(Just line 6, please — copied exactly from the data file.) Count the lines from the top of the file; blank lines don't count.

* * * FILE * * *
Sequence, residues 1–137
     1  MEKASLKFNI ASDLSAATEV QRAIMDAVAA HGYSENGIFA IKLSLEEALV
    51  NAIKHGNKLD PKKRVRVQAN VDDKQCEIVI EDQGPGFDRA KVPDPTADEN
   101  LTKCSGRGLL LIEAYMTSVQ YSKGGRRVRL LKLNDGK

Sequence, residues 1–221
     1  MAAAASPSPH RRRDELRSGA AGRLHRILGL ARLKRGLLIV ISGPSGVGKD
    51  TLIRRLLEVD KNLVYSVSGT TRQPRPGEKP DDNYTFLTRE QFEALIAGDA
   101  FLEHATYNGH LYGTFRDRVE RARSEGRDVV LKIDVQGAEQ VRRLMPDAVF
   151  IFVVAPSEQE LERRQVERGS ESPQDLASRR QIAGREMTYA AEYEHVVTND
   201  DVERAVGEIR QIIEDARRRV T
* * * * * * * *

     1  MAAAASPSPH RRRDELRSGA AGRLHRILGL ARLKRGLLIV ISGPSGVGKD